As Flores suggests, too many candidates consider interviews a fact-finding mission. Rather, in the early stages, candidates should approach the process as a seller rather than a buyer. He counsels candidates to redefine their objective for a preliminary interview – the goal should be to get invited back rather than to have all of their questions answered.

You are unlikely a unicorn: While most of us think we are very special (our parents have told us so our entire lives), the reality is that there are many candidates that can fill a position. Humility, an ability to accept coaching, and effort placed to create and communicate differentiation will all benefit any candidate. In contrast, Flores recounted a time when he was trying to help an executive in transition understand that their experience was not as differentiated as they thought. The candidate refused to accept the counsel, reiterating how unique and special they were. Recruiters see hundreds if not thousands of resumes a year. They are in a better position to provide a market-based understanding. And at a minimum, it’s only wise to respect their opinion.

Why Do These Mistakes Matter?


Image Courtesy of Dom J

Unfortunately, candidates don’t realize two things: 1) executive recruiters tend to remember outliers, especially rude, discourteous behavior (like any of us do), and 2) if you aren’t helpful to a search firm, they will never remember you. Karma really exists when it comes to the job search. Lack of engagement or poor treatment of others usually comes back in-kind. The Golden Rule is the best way to approach the process.

What Can C-Level Executives Do (Before And During) To More Successfully Navigate The Job Search?

           Create a story: Where are you coming from and going to? Why? Is this story consistent throughout all materials and verbal explanations? Be crisp.

           Build a strategy: Approach the process like you would a strategic initiative. What are
your goals, strategies, tactics, and measures? How will you position yourself
to best achieve your goals?

           Treat every recruiter interaction as an opportunity to continue building a relationship: It’s really a bad idea to not cultivate these relationships. Think in terms of long (very long) timeframes (years, not months). Return calls / emails; make recommendations for potential candidates; and, make an effort to stay in touch as you change jobs and your career progresses.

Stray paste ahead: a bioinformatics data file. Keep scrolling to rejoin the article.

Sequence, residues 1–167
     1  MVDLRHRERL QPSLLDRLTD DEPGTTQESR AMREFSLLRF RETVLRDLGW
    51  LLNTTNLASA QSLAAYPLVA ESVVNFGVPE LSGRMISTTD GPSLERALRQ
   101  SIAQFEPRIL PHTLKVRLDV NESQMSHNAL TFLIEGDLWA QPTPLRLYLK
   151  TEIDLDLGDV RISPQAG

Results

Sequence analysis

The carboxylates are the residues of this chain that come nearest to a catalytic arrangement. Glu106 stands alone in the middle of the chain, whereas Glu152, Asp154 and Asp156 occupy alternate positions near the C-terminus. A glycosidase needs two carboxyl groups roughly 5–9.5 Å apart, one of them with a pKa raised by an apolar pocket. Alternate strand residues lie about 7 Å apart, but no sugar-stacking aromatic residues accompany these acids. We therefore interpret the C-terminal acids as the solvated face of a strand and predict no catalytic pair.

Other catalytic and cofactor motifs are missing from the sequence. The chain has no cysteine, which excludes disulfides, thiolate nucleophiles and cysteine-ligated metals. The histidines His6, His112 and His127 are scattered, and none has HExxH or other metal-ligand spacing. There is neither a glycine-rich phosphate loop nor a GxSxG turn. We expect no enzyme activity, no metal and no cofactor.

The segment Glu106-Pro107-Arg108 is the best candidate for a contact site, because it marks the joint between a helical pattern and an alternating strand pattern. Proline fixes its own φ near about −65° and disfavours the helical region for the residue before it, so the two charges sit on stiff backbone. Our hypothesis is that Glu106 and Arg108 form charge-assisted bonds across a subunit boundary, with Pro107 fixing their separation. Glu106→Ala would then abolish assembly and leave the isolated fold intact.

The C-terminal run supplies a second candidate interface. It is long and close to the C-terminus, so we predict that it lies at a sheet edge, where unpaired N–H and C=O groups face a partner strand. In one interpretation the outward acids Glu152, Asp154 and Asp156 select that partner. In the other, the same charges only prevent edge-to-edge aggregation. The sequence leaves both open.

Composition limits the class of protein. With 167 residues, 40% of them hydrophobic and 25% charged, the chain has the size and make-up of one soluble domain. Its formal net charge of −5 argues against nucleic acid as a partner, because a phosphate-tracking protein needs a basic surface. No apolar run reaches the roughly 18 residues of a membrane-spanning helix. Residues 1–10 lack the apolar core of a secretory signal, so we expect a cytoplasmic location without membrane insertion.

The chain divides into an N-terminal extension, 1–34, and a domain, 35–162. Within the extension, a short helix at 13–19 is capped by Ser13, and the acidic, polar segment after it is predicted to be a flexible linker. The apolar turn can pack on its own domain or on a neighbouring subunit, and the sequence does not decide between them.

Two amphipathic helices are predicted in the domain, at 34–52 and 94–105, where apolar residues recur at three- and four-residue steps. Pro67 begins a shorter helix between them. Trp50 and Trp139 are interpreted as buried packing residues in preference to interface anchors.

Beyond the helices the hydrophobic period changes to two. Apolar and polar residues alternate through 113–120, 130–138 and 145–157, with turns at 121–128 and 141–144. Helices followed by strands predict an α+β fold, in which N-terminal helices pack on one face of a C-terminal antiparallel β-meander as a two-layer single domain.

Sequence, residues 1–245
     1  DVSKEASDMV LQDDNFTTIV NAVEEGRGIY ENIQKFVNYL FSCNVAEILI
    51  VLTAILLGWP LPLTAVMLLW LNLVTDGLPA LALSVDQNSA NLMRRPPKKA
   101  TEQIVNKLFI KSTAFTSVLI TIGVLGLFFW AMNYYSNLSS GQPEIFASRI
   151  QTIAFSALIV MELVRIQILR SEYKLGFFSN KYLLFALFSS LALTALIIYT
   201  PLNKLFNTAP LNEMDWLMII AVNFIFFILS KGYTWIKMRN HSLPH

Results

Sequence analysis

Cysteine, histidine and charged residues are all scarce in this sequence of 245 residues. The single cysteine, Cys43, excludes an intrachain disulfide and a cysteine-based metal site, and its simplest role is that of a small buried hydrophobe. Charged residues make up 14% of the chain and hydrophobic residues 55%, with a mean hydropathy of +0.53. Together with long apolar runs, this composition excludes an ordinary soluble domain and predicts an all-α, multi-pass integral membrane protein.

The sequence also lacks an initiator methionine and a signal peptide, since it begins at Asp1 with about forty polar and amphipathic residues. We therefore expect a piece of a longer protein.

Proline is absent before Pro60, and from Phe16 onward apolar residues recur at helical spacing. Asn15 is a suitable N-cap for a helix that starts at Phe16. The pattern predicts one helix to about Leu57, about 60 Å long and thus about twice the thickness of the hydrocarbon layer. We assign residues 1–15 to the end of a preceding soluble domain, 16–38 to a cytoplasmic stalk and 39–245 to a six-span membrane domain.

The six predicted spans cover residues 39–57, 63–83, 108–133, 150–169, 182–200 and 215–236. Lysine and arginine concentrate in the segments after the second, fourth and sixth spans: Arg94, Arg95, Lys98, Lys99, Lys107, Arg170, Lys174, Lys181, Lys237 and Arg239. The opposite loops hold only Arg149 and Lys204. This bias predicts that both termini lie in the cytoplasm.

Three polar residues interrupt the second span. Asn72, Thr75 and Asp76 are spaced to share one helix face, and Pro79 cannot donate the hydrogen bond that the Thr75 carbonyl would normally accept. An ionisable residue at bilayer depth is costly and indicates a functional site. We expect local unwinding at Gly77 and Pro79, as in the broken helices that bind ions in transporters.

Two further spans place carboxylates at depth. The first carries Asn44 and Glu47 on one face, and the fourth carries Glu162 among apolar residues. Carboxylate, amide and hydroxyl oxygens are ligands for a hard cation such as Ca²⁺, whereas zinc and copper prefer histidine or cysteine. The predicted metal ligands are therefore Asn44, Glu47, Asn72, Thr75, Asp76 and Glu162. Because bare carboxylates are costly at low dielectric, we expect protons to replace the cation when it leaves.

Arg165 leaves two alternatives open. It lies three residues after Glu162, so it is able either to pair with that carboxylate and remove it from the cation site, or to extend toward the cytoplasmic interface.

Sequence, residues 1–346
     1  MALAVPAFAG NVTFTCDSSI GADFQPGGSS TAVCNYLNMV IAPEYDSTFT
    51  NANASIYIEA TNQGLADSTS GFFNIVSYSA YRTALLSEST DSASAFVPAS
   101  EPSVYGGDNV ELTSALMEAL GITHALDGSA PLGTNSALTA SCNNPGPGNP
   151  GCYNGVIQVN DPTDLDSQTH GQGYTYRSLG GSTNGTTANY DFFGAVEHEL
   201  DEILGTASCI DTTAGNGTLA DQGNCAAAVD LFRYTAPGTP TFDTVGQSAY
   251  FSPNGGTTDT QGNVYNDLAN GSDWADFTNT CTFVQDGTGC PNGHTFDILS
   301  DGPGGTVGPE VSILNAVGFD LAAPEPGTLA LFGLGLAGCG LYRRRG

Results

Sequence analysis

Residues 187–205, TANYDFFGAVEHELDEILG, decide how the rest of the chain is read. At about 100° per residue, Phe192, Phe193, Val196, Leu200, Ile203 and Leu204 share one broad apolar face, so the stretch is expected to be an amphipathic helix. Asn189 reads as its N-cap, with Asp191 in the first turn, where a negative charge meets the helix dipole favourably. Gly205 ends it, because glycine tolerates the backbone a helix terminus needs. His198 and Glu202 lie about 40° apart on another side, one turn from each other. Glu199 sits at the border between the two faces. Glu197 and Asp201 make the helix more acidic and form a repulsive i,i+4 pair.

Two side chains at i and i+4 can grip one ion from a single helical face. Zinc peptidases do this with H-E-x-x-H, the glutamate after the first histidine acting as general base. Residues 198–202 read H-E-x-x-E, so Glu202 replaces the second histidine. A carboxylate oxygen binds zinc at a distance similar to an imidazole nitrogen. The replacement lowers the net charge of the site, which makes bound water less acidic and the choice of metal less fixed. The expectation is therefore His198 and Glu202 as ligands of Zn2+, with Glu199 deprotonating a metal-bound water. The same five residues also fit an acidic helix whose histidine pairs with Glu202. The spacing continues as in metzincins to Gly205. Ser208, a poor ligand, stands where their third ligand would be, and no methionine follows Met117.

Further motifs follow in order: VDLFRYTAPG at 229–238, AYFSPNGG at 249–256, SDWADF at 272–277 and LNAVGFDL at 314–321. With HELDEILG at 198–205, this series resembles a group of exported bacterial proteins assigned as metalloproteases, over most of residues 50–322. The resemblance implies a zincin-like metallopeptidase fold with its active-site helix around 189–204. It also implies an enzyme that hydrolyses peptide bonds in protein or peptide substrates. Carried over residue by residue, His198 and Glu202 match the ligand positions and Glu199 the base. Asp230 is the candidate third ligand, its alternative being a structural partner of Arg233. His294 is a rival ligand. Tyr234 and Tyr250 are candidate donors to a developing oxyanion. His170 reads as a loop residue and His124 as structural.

Cultivate “warm” introductions rather than “cold” calls: Focus on networking through people you know versus calling people blindly. Recruiters are inundated with requests for help. They prioritize those people with whom they’ve had a prior, positive relationship and referrals from their network.

           Sell then buy: Once you have decided to interview with the client – and they want you to interview – balance questions you have regarding whether the company is right for you with providing information about yourself. Use your questions to both answer your questions and demonstrate a clear interest in the company and position. Questions about the trajectory of the company, the firm’s leadership, expectations of the role you would be filling, the culture of the firm, etc. demonstrate that you’ve done your homework, you are inquisitive, you have thoughtful and insightful questions, and overall, you are clearly interested. You can’t get the job if the client doesn’t believe you want it.

After my discussion with Flores, I realized that I had observed others making – and had actually made – many of the mistakes he mentioned. I also realized that many of these mistakes are recoverable; it just requires learning from them and changing.

Join the discussion: @KimWhitler

Hank J. Flores is the Co-Founder and Partner of Radius Partners, an executive search and talent advisory firm that concentrates on identifying senior leaders who serve as pivotal catalysts for driving growth. A former senior operating executive, Hank enjoyed a 20+ year career leading
organizations and managing P&L’s for consumer, b2b, and technology companies. Revenue under his responsibility ranged from under $5 million in start-up environments to more than $650 million in larger corporate settings. As a result of his deep familiarity with the roles he is asked to fill, Hank’s clients value the perspective and insights he brings to each search. Hank earned an MBA from the Harvard Business School and an undergraduate degree in Marketing and Information Systems from
Fordham University.




As a former CMO, Whitler has worked both in the U.S. and overseas for a variety of companies, such as P&G, PetSmart, and David’s Bridal. After nearly 20 years in industry, she obtained a Ph.D. and is currently an Assistant Professor at the University of Virginia’s Darden School of Business, conducting research that addresses contemporary CMO challenges.